HALIFAX — A Nova Scotia Supreme Court judge has convicted a Prince Edward Island businessman of sexually assaulting a 14-year-old girl in the Halifax area in 1991.
In an oral decision delivered Monday, Judge Patrick Murray said Stephen Nicholas Taweel, 55, of Charlottetown did not obtain the consent of the girl before they engaged in a series of sexual encounters in a home in Dartmouth, N.S.
Taweel who pleaded not guilty prior to his trial last November, is president of Taweel Developments Inc. and Taweel Construction Ltd. He is also chairman of the Charlottetown Downtown Residents Association.
During his trial, he denied touching the girl in Dartmouth, testifying that they did engage in consensual sexual activity soon after they first met in P.E.I. earlier that year.
The legal age of consent in 1991 was 14, the girl’s age at the time. Taweel told the court that the girl had told him she was 16 years old.
The sexual assault charge dealt only with the encounters in Nova Scotia. The judge said evidence of what happened in P.E.I. in 1991 was admitted to provide context and to assess credibility.
The complainant, whose identity is protected by a publication ban, described herself in court as a naive, timid and vulnerable girl who felt “trapped and confused” by a confident and persistent older man, the judge said.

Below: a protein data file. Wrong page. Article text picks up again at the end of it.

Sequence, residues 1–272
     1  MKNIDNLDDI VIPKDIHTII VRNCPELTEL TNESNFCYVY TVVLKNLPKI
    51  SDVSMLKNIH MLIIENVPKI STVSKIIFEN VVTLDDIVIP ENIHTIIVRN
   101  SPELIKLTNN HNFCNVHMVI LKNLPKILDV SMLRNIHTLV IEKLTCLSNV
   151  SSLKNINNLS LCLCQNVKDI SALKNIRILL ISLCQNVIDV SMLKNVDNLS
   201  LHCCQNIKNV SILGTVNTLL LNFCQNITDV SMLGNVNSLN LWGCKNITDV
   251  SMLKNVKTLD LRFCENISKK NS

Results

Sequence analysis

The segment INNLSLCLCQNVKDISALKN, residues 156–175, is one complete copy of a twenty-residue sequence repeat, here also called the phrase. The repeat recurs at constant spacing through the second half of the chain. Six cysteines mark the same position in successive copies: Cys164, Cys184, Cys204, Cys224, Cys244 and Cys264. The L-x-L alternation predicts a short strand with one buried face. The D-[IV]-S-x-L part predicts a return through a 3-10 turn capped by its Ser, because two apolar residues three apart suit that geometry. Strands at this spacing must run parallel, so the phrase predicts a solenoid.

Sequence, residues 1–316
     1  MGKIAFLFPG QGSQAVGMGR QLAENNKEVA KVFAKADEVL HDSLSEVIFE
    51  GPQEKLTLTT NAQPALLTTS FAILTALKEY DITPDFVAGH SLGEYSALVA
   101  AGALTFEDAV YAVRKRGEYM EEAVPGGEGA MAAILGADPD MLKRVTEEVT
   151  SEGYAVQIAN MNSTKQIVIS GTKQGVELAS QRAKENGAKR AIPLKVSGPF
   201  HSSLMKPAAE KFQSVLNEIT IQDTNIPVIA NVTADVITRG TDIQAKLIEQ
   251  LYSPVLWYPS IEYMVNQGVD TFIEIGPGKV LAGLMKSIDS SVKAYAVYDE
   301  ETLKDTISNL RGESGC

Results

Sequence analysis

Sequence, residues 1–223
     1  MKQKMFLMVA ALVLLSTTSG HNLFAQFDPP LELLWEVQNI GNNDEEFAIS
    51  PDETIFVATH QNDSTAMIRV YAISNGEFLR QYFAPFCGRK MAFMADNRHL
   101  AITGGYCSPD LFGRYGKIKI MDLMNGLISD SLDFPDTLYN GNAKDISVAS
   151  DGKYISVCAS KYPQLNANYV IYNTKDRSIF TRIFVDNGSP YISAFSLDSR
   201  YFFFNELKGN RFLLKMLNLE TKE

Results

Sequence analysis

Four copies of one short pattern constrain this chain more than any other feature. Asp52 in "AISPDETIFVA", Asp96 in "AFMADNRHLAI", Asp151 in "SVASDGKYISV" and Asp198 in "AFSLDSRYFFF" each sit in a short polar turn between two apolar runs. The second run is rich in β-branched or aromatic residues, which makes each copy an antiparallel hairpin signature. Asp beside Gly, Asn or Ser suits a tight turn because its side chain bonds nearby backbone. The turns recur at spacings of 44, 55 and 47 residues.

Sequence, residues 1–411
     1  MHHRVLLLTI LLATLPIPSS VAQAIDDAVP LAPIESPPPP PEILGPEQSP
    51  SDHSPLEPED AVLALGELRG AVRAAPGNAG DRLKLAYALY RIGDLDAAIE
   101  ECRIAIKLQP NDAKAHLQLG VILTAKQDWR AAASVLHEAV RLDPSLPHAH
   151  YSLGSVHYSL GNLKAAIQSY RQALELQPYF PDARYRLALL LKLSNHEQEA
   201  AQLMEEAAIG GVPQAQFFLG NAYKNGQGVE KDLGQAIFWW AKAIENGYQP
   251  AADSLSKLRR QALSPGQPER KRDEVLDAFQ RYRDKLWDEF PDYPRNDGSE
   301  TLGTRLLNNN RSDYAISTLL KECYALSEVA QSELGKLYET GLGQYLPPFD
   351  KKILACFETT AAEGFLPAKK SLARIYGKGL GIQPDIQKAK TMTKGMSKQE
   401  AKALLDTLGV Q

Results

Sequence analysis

“In observing Mr. Taweel, I noticed there were times he was uncomfortable,” Murray said. “As a result, he stumbled and was visibly shaken. ... Contrary to his counsel’s submission, Mr. Taweel’s evidence was not clear and straightforward.”
By contrast, he said evidence presented by the complainant was “vivid and distinctive,” as it contained detailed descriptions of places, smells, colours and patterns.
The complainant, who is now 36, told the court about nine meetings she had with Taweel, including three sexual encounters in a home in Nova Scotia.
She testified that she did not invite Taweel to touch her, but she felt “resigned to it” because she was terrified by a threatening tone that included warnings not to tell anyone what had happened, Murray said.
“Overall, her general credibility stacked up well,” he said. “I assessed the Crown’s evidence on the main elements of the offence as reliable. I can attribute no motive to lie on the part of the complainant.”
Murray said he believed the complainant’s assertion that she did not consent to be touched in a sexual manner.
“Nothing she said brought it on and she did not ask for it,” he said. “I accept the complainant’s evidence that she was intimidated, that his words were menacing to her and this amounted to coercion.”
Taweel’s sentencing hearing has been scheduled for May 16.